By Joe Chemycz, Web.com Tour staff
VALDOSTA, Ga. – Rookie Ryan Spears fired a bogey-free, 6-under 66 Thursday and moved into the lead after the first round of the Web.com Tour’s South Georgia Classic presented by First State Bank and Trust Co.
Spears was nearly flawless through his first 13 holes, chalking up six birdies and needing only 14 putts to reach the top of the leaderboard. The former Wichita State star finished with five straight two-putt pars and a one-stroke lead.
Tennessee’s Philip Pettitt Jr. was the first player off the first tee in the morning and wound up at 5-under 67, along with Troy Merritt and California rookie Bhavik Patel.
Eight players are deadlocked at 4-under 68, including Ariel Canete, the leading money winner from the PGA TOUR’s LatinoAmerica Tour last fall. Joining him are Dusty Fielding, Tyrone van Aswegen, Woody Austin, Duffy Waldorf, Will MacKenzie, Brazil’s Alex Rocha and Scott Gutschewski.
“This feels really good because coming in I didn’t feel this course suited my game,” said Spears. “It’s a long golf course and I was struggling the first couple of days this week.”
Spears had been rolling along in his initial season on Tour, and had made the cut in his first four starts. His 11th place finish at the Chile Classic and a T28 at the Chitimacha Louisiana Open pushed him to No. 19 on the early money list.
After bypassing the Brasil Classic presented by HSBC, Spears was forced to withdraw from the WNB Golf Classic in Midland, Texas two weeks ago because of strep throat, which landed him in the emergency room back home.
“Health wise I’m back to 100 percent,” said Spears, who entered this week No. 37 on the money list. “Confidence wise it was 50-50. Coming in here and playing a 7,800-yard golf course is not something you look forward to.”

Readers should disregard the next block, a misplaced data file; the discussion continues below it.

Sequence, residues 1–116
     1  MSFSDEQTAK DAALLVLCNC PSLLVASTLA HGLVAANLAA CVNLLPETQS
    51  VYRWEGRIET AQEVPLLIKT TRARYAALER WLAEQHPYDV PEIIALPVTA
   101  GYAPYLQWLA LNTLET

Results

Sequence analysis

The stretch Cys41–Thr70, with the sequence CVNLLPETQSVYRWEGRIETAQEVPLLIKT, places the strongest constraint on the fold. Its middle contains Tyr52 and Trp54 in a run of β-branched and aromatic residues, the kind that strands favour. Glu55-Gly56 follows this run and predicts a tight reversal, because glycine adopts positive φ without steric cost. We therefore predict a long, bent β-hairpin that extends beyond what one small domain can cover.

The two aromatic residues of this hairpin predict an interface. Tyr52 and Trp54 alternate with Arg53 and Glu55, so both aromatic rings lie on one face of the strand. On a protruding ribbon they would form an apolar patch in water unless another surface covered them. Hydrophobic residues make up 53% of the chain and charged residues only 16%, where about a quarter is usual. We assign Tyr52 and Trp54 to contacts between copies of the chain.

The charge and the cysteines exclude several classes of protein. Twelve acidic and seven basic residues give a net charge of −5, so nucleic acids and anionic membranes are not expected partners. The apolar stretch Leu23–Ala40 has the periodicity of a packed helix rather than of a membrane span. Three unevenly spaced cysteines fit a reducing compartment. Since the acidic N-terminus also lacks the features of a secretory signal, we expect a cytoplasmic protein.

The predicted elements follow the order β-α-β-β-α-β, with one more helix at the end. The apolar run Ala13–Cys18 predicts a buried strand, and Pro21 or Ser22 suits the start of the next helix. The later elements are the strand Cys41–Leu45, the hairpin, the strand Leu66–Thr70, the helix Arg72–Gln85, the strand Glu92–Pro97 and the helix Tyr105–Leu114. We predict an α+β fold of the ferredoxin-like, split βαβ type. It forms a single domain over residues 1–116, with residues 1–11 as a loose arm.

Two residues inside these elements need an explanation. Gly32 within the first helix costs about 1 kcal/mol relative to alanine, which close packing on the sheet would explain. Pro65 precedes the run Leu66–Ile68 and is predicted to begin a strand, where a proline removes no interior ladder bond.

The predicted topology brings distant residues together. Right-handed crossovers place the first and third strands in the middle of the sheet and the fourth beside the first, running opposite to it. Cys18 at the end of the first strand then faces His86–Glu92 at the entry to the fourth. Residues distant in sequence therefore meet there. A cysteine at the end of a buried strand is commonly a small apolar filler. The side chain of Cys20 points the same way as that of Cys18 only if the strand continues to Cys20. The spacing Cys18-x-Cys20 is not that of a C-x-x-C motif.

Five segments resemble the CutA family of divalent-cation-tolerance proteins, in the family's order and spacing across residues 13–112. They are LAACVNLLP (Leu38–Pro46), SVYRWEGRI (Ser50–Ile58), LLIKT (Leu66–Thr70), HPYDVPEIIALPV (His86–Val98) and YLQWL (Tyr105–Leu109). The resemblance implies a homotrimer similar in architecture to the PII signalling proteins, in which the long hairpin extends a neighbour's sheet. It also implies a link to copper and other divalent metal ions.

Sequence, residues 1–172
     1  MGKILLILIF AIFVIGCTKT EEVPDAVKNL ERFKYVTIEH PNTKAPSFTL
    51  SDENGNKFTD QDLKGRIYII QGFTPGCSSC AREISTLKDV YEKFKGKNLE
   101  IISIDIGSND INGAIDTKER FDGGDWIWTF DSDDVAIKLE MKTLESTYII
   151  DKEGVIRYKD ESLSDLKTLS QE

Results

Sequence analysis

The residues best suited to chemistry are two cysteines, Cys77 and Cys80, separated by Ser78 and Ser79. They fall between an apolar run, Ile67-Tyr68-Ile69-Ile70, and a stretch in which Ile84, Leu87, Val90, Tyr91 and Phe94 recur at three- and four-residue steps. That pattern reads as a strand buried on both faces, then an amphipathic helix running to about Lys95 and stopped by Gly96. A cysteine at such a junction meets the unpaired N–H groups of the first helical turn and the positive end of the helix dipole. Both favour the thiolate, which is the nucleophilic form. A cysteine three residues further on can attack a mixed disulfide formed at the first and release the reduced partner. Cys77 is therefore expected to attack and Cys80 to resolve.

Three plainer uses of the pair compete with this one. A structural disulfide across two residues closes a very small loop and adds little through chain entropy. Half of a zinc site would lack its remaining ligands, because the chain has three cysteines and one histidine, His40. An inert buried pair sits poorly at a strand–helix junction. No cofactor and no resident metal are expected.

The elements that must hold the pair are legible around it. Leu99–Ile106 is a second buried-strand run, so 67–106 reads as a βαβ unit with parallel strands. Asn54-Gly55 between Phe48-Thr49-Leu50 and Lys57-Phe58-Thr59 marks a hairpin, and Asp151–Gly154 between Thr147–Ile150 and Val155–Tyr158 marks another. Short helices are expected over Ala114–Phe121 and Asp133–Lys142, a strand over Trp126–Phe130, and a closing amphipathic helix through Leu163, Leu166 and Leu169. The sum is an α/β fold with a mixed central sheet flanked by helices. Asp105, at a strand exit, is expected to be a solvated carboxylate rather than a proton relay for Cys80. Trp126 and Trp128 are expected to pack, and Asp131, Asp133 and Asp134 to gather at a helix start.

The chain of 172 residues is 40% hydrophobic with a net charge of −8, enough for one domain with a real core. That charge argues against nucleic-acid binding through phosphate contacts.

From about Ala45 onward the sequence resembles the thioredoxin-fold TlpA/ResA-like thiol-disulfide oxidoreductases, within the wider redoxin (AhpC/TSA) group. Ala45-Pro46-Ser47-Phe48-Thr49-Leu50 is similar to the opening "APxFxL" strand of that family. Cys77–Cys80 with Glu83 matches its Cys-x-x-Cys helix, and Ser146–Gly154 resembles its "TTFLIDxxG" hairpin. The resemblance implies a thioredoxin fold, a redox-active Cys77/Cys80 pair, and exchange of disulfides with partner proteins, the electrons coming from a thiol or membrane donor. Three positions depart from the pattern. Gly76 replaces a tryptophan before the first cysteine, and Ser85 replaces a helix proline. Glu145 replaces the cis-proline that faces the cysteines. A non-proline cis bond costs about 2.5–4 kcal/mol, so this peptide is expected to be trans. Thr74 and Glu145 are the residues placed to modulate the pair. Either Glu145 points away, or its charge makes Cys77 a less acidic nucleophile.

The Kinderlou Forest Golf Club is the longest on Tour but it didn’t seem to bother Spears, who isn’t among the biggest hitters.
“It’s just really demanding but you have to stay within yourself and play your game. I knew I was going to have a lot of 3-irons and 4-irons into these holes, even some hybrids,” he said. “I feel it’s almost an advantage because I’m hitting the longer clubs so often I’m in a rhythm. It’s not like one out of every few holes, it’s every hole.”
Spears did what he does best, find the green and make some putts. The 27-year-old from Wichita leads the Tour in putting and is fourth in birdie average.
Spending almost 10 days on the sidelines didn’t slow Spears down and he turned in one of the best efforts he could remember.
“I’d give that one of the best rounds I’ve played all-time because it’s so demanding from a distance standpoint,” he said. “You have to be laser-like with the long irons. For a guy who doesn’t hit it as far, you have to hit it in certain parts of the fairways and cut off the angles when you can. My goal was to give myself a chance to make par on every hole and I had that opportunity.”
First-Round Notes & Quotes:
-- Thursday weather: Mostly cloudy skies. Wind NW 6-12 mph. Overnight low of 58. Daytime high of 84.